The Not-So-Dark Ages: Part One

By Todd Lewis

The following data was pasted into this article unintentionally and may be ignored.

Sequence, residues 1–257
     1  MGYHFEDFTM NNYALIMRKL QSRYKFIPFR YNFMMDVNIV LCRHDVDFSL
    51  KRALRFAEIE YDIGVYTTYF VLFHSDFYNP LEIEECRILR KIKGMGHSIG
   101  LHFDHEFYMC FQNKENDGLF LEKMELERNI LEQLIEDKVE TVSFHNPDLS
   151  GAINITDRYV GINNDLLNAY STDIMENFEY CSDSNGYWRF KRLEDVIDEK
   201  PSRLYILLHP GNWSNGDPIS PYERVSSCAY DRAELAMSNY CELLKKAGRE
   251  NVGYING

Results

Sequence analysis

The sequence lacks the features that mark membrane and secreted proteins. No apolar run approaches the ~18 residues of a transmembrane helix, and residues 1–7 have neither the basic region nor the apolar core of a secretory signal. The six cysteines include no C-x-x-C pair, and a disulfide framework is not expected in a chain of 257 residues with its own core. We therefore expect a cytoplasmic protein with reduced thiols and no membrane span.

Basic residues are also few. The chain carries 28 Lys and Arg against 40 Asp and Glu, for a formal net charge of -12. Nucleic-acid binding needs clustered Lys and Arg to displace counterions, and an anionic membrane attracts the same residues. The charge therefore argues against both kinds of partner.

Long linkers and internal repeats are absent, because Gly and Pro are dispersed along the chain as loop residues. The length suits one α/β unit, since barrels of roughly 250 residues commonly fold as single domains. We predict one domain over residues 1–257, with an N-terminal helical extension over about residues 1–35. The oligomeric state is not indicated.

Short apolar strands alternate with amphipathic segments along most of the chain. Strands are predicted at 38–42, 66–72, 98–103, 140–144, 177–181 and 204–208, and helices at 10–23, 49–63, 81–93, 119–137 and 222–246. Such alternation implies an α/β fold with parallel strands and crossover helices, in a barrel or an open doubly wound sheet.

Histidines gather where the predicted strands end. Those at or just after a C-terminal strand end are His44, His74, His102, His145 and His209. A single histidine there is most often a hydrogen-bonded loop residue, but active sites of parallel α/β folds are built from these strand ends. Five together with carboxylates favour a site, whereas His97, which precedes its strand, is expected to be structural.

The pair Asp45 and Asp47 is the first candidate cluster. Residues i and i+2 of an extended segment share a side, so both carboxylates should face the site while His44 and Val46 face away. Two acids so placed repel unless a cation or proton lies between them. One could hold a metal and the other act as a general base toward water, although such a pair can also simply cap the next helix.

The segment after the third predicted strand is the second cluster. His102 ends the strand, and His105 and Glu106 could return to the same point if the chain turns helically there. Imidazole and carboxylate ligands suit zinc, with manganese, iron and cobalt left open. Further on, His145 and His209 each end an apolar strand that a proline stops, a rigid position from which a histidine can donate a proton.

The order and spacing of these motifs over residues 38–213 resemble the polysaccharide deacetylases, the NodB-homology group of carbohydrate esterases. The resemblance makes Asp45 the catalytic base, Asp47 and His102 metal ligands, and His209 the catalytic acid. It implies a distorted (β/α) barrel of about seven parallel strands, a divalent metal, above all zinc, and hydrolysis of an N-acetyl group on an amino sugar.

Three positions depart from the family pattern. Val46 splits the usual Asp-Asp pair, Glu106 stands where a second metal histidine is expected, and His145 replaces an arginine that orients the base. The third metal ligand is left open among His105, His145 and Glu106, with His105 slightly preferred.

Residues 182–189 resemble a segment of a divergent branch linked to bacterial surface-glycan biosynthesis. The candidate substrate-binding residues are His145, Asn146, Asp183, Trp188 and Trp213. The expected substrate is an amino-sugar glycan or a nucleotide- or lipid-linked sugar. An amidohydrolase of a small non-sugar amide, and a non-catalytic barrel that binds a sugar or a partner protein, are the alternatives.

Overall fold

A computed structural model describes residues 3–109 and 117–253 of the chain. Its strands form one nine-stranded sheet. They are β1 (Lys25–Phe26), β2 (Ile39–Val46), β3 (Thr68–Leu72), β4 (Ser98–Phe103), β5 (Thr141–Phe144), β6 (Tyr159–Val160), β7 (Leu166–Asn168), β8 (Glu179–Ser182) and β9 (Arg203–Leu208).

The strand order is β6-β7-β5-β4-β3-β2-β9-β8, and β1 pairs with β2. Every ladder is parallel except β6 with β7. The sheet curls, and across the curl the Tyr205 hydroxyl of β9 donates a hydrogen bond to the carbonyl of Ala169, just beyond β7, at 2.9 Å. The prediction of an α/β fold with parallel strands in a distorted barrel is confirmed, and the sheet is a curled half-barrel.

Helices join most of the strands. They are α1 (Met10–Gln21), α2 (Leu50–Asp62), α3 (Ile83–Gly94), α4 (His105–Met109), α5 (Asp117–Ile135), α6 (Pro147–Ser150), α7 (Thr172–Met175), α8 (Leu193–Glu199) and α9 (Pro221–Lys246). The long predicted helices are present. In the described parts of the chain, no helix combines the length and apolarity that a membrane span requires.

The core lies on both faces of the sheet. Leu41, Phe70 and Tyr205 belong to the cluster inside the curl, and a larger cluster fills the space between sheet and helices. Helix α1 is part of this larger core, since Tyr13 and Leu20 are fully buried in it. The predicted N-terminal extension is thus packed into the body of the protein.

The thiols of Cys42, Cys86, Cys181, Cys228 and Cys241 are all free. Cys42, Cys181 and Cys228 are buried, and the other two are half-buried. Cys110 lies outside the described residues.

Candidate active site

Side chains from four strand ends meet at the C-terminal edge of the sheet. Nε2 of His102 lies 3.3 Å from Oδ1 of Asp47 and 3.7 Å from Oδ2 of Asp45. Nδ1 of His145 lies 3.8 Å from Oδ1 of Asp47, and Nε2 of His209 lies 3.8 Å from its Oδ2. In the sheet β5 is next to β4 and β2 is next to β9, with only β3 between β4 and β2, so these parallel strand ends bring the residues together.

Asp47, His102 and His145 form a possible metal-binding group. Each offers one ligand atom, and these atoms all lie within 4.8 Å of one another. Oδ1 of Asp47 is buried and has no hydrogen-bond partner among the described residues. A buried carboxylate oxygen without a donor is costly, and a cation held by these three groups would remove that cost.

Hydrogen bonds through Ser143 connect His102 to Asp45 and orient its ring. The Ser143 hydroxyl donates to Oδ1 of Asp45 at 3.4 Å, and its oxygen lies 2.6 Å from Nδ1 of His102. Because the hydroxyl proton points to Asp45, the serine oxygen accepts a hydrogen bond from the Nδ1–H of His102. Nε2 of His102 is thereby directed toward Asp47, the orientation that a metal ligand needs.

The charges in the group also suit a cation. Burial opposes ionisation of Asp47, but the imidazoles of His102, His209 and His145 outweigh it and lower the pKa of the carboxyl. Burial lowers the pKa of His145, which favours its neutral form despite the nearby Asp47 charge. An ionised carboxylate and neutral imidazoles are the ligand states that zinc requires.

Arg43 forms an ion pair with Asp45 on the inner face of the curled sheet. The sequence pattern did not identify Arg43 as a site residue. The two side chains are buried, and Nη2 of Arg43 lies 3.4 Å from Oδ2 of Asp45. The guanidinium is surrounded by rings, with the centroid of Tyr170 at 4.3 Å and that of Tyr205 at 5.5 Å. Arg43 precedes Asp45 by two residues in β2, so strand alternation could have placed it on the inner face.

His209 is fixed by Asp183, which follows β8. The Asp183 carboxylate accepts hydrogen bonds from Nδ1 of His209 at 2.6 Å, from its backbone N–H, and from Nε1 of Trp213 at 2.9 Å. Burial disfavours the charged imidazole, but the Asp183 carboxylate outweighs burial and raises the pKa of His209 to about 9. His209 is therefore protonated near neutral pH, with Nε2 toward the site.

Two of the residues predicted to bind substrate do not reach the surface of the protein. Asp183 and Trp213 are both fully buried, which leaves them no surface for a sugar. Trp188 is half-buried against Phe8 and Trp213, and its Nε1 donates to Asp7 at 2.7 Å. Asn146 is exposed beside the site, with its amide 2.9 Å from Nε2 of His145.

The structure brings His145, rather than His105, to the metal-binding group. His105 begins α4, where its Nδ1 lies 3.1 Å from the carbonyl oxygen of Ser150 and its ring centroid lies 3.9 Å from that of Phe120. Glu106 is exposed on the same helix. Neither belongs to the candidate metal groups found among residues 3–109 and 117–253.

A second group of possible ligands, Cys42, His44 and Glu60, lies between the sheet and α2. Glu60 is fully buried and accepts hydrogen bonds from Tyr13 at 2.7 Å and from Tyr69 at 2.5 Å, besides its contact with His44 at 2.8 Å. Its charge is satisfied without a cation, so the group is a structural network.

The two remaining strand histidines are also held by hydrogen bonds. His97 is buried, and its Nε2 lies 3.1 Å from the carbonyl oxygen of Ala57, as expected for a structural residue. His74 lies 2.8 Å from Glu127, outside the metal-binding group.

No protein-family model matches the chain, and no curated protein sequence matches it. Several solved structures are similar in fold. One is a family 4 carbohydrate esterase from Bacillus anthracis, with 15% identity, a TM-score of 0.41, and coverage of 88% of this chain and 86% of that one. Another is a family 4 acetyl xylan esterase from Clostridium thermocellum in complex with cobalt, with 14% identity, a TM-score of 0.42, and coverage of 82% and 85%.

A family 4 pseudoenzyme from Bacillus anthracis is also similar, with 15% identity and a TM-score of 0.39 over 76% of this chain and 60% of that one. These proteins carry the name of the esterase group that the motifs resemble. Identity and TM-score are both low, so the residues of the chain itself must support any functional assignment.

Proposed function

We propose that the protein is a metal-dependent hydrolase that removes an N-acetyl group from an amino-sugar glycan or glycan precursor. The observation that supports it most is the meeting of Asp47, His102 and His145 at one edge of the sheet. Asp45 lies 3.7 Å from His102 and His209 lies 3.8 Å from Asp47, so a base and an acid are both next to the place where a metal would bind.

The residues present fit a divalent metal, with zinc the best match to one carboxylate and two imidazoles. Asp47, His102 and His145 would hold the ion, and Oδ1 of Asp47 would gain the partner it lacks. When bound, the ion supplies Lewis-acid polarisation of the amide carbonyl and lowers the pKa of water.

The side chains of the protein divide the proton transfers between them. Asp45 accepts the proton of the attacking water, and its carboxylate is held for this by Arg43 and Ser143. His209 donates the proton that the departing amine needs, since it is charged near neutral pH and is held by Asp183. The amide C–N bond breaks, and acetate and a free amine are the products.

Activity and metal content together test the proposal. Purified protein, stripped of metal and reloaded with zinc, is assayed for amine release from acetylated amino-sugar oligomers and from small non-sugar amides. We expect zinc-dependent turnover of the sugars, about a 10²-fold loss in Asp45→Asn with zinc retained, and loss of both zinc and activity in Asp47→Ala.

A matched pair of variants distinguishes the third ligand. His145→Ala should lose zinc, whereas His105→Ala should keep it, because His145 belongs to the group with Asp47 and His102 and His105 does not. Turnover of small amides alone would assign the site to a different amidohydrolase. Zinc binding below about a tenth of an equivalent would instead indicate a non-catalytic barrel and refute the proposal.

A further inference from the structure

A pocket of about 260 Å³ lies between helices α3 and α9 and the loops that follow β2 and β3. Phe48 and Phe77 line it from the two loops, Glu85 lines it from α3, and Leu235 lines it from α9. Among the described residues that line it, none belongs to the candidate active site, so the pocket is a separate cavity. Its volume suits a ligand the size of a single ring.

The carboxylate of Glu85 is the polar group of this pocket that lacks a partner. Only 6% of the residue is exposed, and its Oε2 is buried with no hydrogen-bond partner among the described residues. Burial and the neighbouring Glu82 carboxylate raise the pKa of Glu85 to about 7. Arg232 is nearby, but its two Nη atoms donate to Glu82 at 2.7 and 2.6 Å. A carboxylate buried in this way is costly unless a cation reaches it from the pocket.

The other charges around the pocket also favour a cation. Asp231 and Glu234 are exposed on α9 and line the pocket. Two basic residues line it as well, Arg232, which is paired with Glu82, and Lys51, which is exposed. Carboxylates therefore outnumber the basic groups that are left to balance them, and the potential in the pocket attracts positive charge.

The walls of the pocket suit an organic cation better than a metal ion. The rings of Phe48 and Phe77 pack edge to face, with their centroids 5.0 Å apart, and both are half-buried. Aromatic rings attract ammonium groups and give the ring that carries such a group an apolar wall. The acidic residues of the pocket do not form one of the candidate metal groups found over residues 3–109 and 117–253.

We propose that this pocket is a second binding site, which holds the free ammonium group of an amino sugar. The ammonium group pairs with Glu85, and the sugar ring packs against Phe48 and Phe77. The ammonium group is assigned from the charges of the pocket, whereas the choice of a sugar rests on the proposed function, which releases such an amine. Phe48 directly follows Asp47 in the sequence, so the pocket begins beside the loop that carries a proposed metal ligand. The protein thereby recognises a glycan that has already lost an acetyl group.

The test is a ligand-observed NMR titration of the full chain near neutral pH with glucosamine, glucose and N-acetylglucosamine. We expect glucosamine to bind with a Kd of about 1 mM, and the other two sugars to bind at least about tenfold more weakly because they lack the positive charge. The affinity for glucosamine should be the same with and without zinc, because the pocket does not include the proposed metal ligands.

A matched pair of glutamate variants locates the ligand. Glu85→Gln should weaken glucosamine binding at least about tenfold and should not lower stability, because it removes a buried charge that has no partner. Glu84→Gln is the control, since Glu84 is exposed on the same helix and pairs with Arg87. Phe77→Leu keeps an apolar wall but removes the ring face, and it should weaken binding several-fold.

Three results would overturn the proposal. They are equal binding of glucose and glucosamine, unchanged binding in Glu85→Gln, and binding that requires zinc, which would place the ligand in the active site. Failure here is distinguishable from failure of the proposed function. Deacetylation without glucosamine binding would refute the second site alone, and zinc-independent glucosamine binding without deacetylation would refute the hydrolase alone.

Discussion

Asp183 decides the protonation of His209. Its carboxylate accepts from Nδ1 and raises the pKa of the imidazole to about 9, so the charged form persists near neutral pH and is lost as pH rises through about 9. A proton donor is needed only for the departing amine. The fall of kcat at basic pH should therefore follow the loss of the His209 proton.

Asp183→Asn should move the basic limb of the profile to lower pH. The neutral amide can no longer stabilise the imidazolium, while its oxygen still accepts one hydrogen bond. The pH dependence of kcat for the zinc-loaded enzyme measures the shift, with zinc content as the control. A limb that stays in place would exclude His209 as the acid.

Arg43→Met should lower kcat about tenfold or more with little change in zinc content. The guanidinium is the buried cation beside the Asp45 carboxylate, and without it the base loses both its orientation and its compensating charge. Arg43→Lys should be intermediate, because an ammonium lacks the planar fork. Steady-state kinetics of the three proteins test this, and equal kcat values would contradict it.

The causal modern perception of the Middle Ages is that of an age of superstition, loss of classical learning, and general backwardness. To quote Hegel, it was “smells and bells”. In the last half-century or so, this view has been most popularized by Carl Sagan in his smash-hit miniseries, Cosmos, and his book by the same name. The influence of Cosmos can also be seen in the 2009 movie Agora about the life of Hypatia, a female pagan scientist of the 4th century. He makes two rather ridiculous claims that under-gird this entire anti-Christian fanaticism as it pertains to modern perceptions of the Middle Ages; that (1) the ancient pagans were proto-scientists on the verge of a scientific revolution, and (2) that the knowledge-hating bigoted Christians both burned down the Great Library and murdered Hypatia for their hatred of science, rendering her a martyr for those who believed in the power of science. This is absurd and the truth lies beyond the ability of the mentally-challenged atheists who follow people like Carl Sagan. The Library was destroyed and rebuilt many times by Caesar in 48BC, Aeurlian in the 270s AD, the Serapium (a temple to the god Seriphus which contained some remnant of the Library, mostly magical texts) in 391 AD by Theodosius, and in 640 by Caliph Omar. The truth is that Hypatia was the sad victim of late Roman political intrigues and mob violence.

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